The Tai Daeng weavers in NE Laos, as they have for generations, hush insist on raising their own silk and creating their own 100 % -natural dyes. They hush weave on wood-frame, hand-built looms, and their artistic expression is hush closely married to their traditional motifs and spiritual values. Most even live in traditional small villages and adhere to their animist and Buddhist traditions. But the broader market for these textiles has empowered the Tai Daeng to more highly value the time exhausted lift, weaving, and dying silk. The fabric arts immediately can help support a village financially, a well as maintain the traditional arts and beliefs. In summation, because women are normally the textile creators, this market acts to empower women both within their own greenwich village and in the larger business global .
We have visited many cultural groups and villages throughout SE Asia who had rich textile traditions until two or three generations ago. synthetic materials, chemical dyes, and access to factory-made western dress have proven excessively big a convenience for all but those cultures, like the Tai Daeng, with strong traditions tied to their textiles and the understanding to reach a commercialize that can support the huge investment of time and endowment .
Some older cloths that have seen authentic ritual use can be found, more much in an urban denounce catering to collectors. They are rarely in commodity condition and may command a high price. Above the Fray does not seek antiques and culturally meaning rarities ; Lao and Vietnamese customs strictly and appropriately prohibit the export of such items. We occasionally are privilege to gain older pieces allowed for export as would be noted in the token ‘s description. The “ Museum-Quality ” and “ ceremony Objects ” galleries may besides include older textiles .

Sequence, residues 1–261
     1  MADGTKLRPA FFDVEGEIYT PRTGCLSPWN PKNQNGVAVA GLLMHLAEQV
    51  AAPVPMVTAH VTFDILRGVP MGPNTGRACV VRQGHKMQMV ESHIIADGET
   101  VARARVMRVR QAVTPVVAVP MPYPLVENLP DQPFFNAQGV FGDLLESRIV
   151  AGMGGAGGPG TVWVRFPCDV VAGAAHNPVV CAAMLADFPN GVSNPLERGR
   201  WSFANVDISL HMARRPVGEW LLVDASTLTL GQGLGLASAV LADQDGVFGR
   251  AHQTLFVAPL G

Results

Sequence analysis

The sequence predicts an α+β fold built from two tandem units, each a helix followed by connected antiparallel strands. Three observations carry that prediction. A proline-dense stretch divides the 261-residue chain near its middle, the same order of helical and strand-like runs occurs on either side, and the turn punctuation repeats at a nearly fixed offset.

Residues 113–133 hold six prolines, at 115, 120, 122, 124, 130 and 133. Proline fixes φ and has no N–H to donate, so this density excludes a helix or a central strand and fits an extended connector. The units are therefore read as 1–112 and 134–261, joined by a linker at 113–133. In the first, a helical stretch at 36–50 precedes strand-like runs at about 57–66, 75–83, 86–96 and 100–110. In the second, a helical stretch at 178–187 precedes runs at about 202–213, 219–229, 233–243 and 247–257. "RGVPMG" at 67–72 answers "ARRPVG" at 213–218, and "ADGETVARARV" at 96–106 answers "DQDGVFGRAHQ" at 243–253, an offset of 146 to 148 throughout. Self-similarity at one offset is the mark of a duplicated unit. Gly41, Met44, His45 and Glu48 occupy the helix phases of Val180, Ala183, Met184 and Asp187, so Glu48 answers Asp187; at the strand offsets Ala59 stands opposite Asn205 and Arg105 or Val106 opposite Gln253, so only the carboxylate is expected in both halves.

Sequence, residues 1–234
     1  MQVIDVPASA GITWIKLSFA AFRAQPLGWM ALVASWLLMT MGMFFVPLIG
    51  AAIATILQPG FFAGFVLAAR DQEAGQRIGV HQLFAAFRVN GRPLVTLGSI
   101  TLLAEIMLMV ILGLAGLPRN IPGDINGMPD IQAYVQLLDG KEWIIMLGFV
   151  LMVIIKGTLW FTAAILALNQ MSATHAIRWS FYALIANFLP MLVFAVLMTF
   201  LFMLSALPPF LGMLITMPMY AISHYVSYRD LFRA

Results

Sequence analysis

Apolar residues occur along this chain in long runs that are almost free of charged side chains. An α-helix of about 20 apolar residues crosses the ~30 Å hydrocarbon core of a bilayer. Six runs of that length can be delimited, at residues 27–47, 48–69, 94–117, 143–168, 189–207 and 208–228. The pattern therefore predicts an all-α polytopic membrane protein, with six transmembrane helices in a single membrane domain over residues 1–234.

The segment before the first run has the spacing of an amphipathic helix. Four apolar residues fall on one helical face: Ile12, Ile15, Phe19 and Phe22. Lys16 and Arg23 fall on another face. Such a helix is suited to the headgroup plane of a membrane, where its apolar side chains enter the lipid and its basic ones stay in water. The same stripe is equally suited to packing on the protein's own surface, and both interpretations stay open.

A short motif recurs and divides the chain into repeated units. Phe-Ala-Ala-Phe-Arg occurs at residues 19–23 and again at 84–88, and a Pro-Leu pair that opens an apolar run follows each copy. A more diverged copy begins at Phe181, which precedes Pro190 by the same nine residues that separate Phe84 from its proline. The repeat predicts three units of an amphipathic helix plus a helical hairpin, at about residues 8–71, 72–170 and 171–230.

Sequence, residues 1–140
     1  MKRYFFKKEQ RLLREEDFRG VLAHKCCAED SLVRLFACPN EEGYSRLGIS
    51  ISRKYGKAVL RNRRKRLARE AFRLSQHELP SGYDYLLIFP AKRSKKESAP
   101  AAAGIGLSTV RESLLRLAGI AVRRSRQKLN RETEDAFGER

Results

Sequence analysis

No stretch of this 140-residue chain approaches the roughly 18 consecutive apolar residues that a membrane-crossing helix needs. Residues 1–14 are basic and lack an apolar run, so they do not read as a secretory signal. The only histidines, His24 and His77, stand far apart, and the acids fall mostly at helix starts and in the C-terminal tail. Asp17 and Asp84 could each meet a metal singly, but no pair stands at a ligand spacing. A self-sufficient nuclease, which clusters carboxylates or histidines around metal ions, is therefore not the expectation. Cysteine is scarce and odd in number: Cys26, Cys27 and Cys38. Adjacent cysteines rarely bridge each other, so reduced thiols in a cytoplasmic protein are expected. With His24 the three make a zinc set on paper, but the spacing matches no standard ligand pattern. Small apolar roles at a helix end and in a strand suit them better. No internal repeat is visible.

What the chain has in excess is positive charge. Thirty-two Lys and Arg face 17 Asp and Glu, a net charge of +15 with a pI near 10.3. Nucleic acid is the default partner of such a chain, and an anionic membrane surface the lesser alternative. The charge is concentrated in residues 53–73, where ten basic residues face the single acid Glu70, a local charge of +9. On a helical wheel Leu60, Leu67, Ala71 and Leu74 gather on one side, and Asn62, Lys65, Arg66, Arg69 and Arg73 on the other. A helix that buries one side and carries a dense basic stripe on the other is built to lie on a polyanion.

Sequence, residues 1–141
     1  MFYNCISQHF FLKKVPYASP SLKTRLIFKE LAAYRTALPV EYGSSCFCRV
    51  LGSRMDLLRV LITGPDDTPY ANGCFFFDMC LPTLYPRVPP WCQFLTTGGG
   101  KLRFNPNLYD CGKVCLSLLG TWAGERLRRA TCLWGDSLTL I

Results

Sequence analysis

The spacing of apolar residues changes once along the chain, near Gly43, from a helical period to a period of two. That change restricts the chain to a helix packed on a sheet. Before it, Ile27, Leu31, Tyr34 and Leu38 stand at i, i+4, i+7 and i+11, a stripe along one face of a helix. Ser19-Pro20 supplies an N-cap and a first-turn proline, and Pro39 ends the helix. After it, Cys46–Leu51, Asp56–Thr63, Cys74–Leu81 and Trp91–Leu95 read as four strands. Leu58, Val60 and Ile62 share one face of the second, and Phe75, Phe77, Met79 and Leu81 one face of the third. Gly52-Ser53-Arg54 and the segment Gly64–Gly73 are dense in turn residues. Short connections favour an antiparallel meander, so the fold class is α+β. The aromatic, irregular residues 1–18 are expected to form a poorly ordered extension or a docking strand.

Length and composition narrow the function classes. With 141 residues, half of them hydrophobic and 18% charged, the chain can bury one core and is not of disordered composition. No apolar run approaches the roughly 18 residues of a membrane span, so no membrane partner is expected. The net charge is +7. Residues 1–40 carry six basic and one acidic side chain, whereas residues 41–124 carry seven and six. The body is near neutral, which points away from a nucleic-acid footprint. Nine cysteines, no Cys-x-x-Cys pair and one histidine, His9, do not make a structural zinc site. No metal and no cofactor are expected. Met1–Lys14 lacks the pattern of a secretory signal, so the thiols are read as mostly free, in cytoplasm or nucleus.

Ancestor spirit on the back of a Siho (elephant-lion) with hong bird and flower designs.
Siho (elephant-bird) pregnant with a Naga (mythical river serpent – look for the triangular head and s-shaped body).
Tai Daeng Textiles at Above the Fray
Above the Fray travels immediately to the weavers in thehill tribe region to obtain our survival of textiles. thus, we can select the best of the newest creations equally well as often obtain a photographic record of the person whose time, endowment and imagination created that fabric. Often we can call ahead of our arrival, allowing weavers the opportunity to “ hold back ” the late best creations for our perusal and leverage. [ The weavers otherwise normally distribute their pieces for commitment sales in Laos ‘ tourist and business centers, and some pieces move on to boutiques in Singapore, Tokyo, and Paris. ]
phonograph needle to say, the friendships and warmth that these talented people have offered our family has been our deep enrichment. We are grateful for their cordial reception and trust. Our blog introduces some of these talented artists and their villages ampere well as shares stories of our relationships with them .
Our ongoing, personal relationship with artists has allowed Above the Fray to uniquely represent some of the earth ‘s finest-quality silk textiles. You will find these pieces on our gallery pages on this site and at our “ Fine Silks and Tribal Art ” Events .